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One of the most frustrating parts about living in Japan was when I would go out to dinner with my husband. No, it wasn’t because I wasn’t able to read the menu or because I don’t like Japanese food – it was because more often than not, the server wouldn’t speak to me.

Since my Vietnamese-American husband cannot speak or read Japanese, I would always do the ordering. What the servers saw was a woman with a caucasian face speaking Japanese and what appeared to be a Japanese man not ordering for himself. After placing my order in Japanese, the server would turn to my husband (who couldn’t understand anything she was saying) and ask follow up questions about our drink order or any add ons. I would in turn, translate for my husband in English, and then answer our server in Japanese, but any remaining questions would be directed once again to my husband. This language triangle would continue until all the ordering was completed.

Of course, this didn’t happen every time, but enough for both my husband and I to take notice. When relating the story to my friends, many would confirm that they have encountered a similar situation. Some would posit that the server thought my husband was letting me practice my Japanese and was looking to him to confirm that’s actually what I wanted. But no matter the reason, I was always left a little frustrated.

A recent video on YouTube titled, “But we’re speaking Japanese!” confronts this exact situation, bringing light to a lingering stereotype in Japan.

Many commenters loved the video:

“Kinda sad how true this is :/ Great video guys!!!!! ”


“Thank you for capturing my life so perfectly.”

“Definitely one of the more annoying things that happens in Japan…”

“Every. Single. Day.”

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But some couldn’t relate:

“Lived in japan for 5 yrs and never seen or heard of this happening. maybe it’s because i live in osaka.”

“I’ve lived in Japan for five + years and haven’t seen this sort of thing either. I’ve read that it used to be a big thing in the 60s-70s etc…I thought it was cute. Sure, maybe playing on a Japan that hasn’t existed for 30+ years, but still cute.”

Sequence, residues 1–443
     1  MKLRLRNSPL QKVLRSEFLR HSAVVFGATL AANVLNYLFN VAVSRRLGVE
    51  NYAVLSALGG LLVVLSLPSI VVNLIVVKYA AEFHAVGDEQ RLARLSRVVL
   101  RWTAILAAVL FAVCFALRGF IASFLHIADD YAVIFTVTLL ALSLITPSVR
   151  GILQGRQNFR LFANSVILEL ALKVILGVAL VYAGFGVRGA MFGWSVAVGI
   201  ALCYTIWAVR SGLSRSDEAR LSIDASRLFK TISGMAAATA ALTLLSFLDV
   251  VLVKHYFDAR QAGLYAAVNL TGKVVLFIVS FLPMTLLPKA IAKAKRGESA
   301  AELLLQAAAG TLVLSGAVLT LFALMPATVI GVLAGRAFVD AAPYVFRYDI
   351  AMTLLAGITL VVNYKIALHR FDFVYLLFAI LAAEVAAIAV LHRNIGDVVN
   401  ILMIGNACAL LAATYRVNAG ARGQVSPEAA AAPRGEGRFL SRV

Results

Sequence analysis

“Maybe if you actually spoke Japanese you wouldn’t have that problem. Nobody is that racist and ignorant. gtfo here with that.”

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However, many foreigners who have lived in Japan chimed in with their own anecdote regarding similar situations, giving credibility to the video:

“I currently live in Japan and have for over 3 years. My wife is Japanese and she has had to tell waitresses and clerks over 20 times in the last year that I was speaking Japanese. I have no accent when I speak Japanese.”

“Very irritating to talk reasonable Japanese in Japan to restaurant staff, real estate agents, neighbors, cash register staff in the konbini.. and so many other places.. and have them answer to the Japanese person we are with.”

“Best example: I flew JAL, and ANA for several years (internationally). Each time I boarded, I asked for a Japanese newspaper (in Japanese). Each time, the stewardess (a different one each time) looked surprised, and then HAD TO SAY: “oh, you want to look at the pictures” None of them could process that I could actually read the newspaper (which I can).”

“my husband looks japanese, is japanese, citizen inside and out, but just cause part of his name is foreign and in katakana, people had straight up freaked out and asked him if he spoke japanese despite talking with him over an hour. as if suddenly noticing he might be foreign erased that entire hour of conversation.” 

As hard as it is for some people to admit or relate to, as shown by the numerous comments from foreigners with experience in Japan, this situation is all too real. Of course, the scene presented by Ken Tanaka and crew was exaggerated, but the reality in Japan is that the stereotype of “Asian=Japanese speaker, Everything else=English speaker” does exist. One commenter described the video perfectly: “I laughed because it was funny :D Then cried because it was true D:”

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Screenshots: YouTube (helpmefindparents